National policing lead on crime statistics, Chief Constable Jeff Farrar said:

"It is encouraging that the number of crimes reported to the Crime Survey for England and Wales (CSEW) has fallen by 10 per cent when compared with last year. This is the lowest estimate over the entire history of the survey, which began in 1981 and is now less than half of its peak in 1995."

"There has also been a three per cent fall in police recorded crime and it is positive that both measures continue to indicate that crime is falling across the country, and that the gap between the two sets of figures continues to narrow.

"The reduction of crime shown in the CSEW includes significant reductions in vehicle and property crime, alongside personal crime. While there has been an increase in the amount of shoplifting and theft from the person recorded by police, there were reductions across the main categories of police recorded crime - such as a nine per cent decrease in the number of offences involving knives and sharp instruments, and a five per cent decrease in the number of offences involving firearms.

"The number of sexual offences recorded by police has increased by 17 per cent. Many of these are historical offences, recorded in the wake of multiple high-profile cases which have encouraged victims to come forward.

"We would always encourage anyone who has suffered abuse, no matter how much time has passed, to report it and have their voice heard. It's also incredibly important that anyone who has been through the trauma of abuse or sexual assault is provided with support for what they've been through.

"Fraud has continued to be a focus for police forces across England and Wales, and the service recently introduced a more efficient centralised crime recording system. This move towards centralised recording is considered to be responsible, in part, for the 34 per cent increase in fraud offences recorded by the police in the year ending September 2013, when compared to the same period in 2012.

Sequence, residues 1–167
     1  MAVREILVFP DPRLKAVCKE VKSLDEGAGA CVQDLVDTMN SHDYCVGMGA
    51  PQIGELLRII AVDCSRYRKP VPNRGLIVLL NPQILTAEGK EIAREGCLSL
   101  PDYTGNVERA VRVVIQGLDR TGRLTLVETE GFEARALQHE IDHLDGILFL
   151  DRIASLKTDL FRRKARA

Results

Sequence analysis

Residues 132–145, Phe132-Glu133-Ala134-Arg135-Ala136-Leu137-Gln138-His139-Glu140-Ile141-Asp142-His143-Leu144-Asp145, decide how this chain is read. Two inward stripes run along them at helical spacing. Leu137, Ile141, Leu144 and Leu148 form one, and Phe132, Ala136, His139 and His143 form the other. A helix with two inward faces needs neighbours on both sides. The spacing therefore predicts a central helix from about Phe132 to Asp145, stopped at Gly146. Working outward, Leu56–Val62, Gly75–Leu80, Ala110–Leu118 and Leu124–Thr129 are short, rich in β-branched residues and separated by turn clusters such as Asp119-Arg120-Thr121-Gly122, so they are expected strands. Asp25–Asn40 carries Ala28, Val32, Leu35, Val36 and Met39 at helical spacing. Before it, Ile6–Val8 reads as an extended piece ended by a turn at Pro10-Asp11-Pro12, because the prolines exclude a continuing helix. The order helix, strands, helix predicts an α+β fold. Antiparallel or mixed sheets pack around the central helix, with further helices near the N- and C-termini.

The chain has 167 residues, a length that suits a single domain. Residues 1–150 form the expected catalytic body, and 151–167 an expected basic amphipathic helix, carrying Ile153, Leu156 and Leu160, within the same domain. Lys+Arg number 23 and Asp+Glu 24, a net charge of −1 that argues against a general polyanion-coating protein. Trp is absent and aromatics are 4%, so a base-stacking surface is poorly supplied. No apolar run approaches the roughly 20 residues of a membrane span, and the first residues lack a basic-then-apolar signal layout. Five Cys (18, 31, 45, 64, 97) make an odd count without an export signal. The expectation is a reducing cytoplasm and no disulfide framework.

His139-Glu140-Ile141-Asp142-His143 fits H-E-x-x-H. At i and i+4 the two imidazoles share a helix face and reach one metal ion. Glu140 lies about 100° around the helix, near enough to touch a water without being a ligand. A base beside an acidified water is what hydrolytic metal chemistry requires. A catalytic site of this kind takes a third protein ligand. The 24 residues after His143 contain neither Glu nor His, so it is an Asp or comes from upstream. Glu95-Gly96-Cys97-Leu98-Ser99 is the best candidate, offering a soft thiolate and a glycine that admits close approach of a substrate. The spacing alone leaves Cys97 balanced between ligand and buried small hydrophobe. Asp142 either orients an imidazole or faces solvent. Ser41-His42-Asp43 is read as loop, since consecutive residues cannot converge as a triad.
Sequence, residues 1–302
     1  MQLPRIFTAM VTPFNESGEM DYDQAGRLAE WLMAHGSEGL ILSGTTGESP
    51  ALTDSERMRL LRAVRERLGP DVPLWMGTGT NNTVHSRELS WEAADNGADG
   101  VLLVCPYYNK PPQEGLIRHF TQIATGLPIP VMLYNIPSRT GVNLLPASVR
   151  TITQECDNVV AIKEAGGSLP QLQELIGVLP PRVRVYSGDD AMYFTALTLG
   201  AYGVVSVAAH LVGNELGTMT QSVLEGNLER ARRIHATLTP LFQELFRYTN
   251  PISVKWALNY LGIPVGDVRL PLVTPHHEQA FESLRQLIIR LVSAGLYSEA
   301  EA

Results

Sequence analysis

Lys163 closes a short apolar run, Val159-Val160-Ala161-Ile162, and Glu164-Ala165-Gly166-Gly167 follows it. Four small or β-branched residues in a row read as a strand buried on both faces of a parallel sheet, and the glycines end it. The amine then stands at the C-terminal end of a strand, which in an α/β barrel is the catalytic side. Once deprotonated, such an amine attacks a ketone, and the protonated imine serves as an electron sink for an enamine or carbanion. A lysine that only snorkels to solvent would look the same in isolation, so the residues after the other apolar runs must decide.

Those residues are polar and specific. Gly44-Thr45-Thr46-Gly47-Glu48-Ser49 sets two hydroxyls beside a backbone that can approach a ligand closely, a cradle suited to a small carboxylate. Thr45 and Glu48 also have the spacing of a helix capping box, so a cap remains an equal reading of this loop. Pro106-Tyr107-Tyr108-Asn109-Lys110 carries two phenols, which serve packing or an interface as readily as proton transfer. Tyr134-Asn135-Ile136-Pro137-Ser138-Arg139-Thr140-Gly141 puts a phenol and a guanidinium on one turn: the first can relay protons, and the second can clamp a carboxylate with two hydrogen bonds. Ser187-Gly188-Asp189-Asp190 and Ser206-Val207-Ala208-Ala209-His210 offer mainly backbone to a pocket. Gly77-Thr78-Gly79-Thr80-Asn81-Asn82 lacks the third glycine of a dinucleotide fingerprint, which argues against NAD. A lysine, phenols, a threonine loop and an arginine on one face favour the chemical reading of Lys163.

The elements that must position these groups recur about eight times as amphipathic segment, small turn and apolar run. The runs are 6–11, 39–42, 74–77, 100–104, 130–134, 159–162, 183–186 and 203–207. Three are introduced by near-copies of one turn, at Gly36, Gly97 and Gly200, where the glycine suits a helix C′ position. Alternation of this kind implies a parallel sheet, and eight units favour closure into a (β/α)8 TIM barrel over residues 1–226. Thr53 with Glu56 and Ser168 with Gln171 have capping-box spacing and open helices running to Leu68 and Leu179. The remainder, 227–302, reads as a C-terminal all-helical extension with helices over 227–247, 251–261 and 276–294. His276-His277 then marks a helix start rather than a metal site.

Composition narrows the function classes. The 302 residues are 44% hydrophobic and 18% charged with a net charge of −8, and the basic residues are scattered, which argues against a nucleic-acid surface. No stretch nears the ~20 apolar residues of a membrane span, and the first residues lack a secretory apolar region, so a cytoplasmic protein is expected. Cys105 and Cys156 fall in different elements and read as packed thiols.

"Accurate crime statistics are not only essential in holding police accountable for the work they do in the ongoing fight against crime, but also vital in ensuring that police officers and staff are deployed to the right place at the right time.

"It is disappointing that the UK Statistics Authority has decided to remove the National Statistics designation from police recorded crime statistics as this has come at a time when the service is working to make crime statistics more transparent, more accountable and assure the public of the figures' integrity.

"However, the police service, supported by HMIC, the Home Office, the Office of National Statistics, the College of Policing and the Crime Statistics Advisory Committee will continue to work hard in order to achieve accuracy and consistency in recorded crime in order to see the National Statistics designation restored. "

ENDS

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